An excellent addition to this is that it ties into Google's user network. If you are making an application that requires authentication, you just use the user's Google account. Since most people have one of these already (and those that don't should have one, Gmail alone is worth it) you don't need to keep track of users and all that. You don't need to write the "forgot password" section, since Google has taken care of that already.

One interesting thing is that they don't use SQL for their database. It's not even a relational database. In fact, they don't even call it a database, it is called a datastore. I'm not really certain how it works internally, but it says it uses "Google's scalable infrastructure", which is good enough for me! The framework provides a little query engine for the database that uses GQL, an SQL-like language. It seems to be a bit more object-oriented than SQL, as instead of rows, the queries return objects. Again, I'm not sure how this all works internally, but I don't really care at this point.

On Python: It's neat. I've used Python here and there in the past, learned the syntax and all that, but this is a bit more in-depth and I'm learning some of the differences between Python and Ruby. Of course, the more annoying aspects are the ones you notice: having to put self in the parameter list for every method, and I always forget to put a colon at the end of block things like if/else.
What do I like? It's hard to find things that I like about it, I haven't really done enough to go "oh, that's neat!" I do like tuples, something that I missed when going from C++ to Ruby (C++ doesn't have tuples, but I liked using std::pair). Python makes this kind of thing fairly elegant compared to C++.
I don't really have any comments on the indentation style of Python. It would probably be annoying if I didn't already indent like Python wants you to. The only difference is not putting the end keyword or closing curly brace, which does tend to make code cleaner and eliminates the annoying syntax errors of "expecting kEND, found $end" or "unexpected end-of-file".
Syntaxes aside, in the Ruby vs. Python debate I would probably say neither is better, they just adopt different philosophies (Python's one-way-to-do-it vs. Ruby's you-can-do-whatever-you-want). And unless you're an advocate of one of these, I suspect that the language you like better is the one you pick up first.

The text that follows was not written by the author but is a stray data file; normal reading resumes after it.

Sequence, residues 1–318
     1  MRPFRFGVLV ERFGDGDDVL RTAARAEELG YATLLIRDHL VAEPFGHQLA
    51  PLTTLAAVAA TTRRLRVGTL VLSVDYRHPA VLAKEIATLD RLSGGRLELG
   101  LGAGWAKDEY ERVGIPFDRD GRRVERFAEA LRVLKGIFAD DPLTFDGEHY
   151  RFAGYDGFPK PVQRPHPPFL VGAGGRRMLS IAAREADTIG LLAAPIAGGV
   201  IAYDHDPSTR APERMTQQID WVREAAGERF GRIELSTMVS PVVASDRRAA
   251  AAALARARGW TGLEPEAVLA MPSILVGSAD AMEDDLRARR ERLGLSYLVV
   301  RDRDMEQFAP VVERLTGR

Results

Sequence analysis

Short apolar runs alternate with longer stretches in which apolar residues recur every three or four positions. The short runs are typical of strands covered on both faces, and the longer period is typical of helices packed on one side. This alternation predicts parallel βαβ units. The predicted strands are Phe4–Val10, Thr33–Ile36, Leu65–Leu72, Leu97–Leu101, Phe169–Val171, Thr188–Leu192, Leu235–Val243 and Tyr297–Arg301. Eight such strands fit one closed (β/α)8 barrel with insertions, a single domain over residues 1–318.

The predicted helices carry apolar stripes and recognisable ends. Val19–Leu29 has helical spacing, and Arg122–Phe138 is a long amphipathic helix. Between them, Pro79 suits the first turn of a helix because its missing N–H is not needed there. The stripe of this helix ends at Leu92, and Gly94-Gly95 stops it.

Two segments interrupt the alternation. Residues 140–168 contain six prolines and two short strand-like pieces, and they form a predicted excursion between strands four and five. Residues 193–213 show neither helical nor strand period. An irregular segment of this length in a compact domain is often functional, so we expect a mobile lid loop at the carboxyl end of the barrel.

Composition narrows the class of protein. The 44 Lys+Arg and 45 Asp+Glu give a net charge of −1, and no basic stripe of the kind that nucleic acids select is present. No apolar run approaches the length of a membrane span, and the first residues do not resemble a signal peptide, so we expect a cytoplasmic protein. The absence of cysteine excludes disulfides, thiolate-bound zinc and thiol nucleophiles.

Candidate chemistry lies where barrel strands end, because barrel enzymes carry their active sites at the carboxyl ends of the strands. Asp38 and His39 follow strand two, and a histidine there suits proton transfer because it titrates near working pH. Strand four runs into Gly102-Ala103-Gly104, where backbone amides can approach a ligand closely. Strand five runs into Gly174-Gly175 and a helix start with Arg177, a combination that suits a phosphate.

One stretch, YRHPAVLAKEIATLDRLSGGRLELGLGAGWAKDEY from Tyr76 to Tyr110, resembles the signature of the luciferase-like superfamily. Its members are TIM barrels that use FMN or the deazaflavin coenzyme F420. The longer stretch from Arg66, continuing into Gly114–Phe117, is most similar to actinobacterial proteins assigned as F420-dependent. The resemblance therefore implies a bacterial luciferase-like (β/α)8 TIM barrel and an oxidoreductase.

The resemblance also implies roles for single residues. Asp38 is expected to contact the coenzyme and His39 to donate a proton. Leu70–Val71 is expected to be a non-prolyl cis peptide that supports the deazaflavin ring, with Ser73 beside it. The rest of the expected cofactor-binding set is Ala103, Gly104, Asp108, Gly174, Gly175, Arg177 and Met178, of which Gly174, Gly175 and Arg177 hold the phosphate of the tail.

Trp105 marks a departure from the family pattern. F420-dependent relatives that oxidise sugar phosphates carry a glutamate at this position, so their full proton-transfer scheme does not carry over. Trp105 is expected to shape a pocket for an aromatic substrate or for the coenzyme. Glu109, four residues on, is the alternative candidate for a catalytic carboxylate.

So yeah, I would recommend you check this one out if you're a web developer. It will probably make your life easier, at least if you have a cool idea that you want to try out.

Jul 4, 2008

Some Good Reads

Some good books that I have read recently that I recommend (for programmers):
  • Effective C++, 3rd Edition by Scott Meyers. Don't stop reading now if you're not a C++ programmer. The value of the book is highest for C++ programmers, but there are many things in here that apply to other languages, like Java and Ruby. It is tips on how to effectively use the many language features to avoid writing buggy code, to write more maintainable code, good uses of the standard libraries, etc.
    Reading this book really helps you appreciate the language and libraries and how well engineered they are. Either that, or it makes you appreciate <insert your favourite language here> because you don't have to deal with all the low-level details that C++ deals with.
    The value is obvious to C++ programmers, but what about people using other languages? The book gives tips on how to avoid memory leaks. Other languages have memory leaks too, but in a different way. Suppose your code is very complex, with nested loops, etc. You may forget to remove references to variables that are no longer needed. Oops! Out of memory. Then make some explicit unset() calls here and there and the memory problems go away. I've seen this happen in PHP a lot. I thought it was a garbage collected language! I can imagine this would also be the case in Java or Ruby.
    There is a lot of info on OO design and programmer etiquette when using references, constants, etc. This stuff applies to other languages as well.